The game of the name

You can usually tell a person’s age by their name.   In the ‘90s I worked in a hospital shop; my co-worker was called Dorothy – she was about 100.

Because of the success of the Thomas the Tank Engine books, published in 1945, many boys were subsequently called Thomas, Gordon or Percy (being called Percy made you tougher at school); although Duck and Fat didn’t take off as much.

I would sit in Balham Library in the late ‘60s devouring these books wondering why I was called ‘Michael’?  Had my mum had a visit from an Archangel?  Did she aspire to buy her underwear at Mark’s?  I so wanted there to be an engine called Michael.

The Famous Five, published shortly before Thomas, would have had an influence on girls being called Ann or Georgina (the consumption of ginger beer surged during this period too).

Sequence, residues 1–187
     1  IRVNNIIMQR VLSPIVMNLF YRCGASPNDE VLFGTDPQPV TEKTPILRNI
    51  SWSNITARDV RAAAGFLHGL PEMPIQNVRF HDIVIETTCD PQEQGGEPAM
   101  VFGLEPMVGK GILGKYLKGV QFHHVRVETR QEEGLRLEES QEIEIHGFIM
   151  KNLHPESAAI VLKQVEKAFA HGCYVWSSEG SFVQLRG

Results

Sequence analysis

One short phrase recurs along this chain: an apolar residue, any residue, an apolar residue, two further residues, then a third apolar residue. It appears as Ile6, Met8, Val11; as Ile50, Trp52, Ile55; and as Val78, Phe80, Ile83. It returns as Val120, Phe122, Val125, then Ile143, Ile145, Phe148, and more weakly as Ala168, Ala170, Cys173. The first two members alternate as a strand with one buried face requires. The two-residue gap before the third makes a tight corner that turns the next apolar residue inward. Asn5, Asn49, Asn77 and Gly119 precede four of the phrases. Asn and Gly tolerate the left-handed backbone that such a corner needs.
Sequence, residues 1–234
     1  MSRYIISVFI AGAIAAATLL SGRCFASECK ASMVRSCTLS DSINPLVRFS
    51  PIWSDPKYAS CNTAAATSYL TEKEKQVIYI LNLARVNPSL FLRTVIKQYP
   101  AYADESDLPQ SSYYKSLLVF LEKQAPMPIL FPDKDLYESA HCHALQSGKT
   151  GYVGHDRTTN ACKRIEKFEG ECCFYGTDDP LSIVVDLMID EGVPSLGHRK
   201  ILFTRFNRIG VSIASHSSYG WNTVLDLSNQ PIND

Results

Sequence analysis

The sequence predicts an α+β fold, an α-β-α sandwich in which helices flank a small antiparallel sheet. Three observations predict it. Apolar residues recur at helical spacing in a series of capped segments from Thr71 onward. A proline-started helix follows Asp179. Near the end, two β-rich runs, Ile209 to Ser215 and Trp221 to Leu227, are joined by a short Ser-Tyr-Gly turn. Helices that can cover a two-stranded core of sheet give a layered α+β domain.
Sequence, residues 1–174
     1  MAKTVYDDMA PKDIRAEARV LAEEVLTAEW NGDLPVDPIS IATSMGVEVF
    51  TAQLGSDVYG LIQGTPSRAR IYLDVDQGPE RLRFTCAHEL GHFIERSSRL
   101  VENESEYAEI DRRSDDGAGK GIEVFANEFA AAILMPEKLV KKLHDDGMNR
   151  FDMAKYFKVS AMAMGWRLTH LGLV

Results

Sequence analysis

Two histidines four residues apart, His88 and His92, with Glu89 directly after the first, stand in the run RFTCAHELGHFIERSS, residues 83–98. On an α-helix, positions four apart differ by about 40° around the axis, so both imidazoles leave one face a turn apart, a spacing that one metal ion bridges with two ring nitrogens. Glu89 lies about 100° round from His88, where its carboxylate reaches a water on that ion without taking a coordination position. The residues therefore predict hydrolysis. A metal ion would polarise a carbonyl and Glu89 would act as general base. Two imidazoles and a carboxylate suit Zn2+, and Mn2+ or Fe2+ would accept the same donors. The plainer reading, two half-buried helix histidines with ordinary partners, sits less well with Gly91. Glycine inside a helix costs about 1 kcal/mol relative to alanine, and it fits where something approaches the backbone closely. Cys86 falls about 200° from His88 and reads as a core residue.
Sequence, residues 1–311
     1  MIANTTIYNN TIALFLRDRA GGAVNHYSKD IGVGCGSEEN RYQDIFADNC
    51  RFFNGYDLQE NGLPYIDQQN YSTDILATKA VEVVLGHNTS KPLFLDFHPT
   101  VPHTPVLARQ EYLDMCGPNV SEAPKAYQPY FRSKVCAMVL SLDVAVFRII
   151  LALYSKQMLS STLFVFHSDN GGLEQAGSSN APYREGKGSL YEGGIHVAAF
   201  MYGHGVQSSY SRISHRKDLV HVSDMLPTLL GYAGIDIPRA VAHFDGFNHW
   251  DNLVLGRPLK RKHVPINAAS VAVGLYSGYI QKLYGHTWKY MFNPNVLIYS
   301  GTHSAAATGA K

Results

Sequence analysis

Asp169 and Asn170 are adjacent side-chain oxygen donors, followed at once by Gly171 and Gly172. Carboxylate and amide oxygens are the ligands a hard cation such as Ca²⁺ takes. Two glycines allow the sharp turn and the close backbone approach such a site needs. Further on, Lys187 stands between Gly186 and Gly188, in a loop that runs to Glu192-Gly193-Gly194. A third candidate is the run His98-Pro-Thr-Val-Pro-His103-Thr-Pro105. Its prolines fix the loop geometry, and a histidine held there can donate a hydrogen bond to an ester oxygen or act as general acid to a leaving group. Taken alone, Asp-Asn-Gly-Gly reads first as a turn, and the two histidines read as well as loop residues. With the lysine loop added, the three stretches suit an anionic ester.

With the advent of TV, I wonder how many twins were called Willy & Jenny or Bill & Ben or Ron & Reg (little known characters from Tales of the Riverbank)?

When I was born, in 1957, the top girls’ names were Susan (90% of our class were called Susan, including a couple of boys); Linda; Christine and Margaret (everyone wants to be called after a princess).  Michael was the 4th most popular boy’s name; David, John and Stephen being the top 3 – all four named after Kings – England, Israel and Heaven.

I got off lightly, as modern culture is hugely powerful with childrens’ names.   Michael is preferable to Kylie, Peppa or Laa-Laa and given The Lone Ranger was at the height of its fame when I was born, I could easily have been called Tonto.

10 thoughts on “The game of the name

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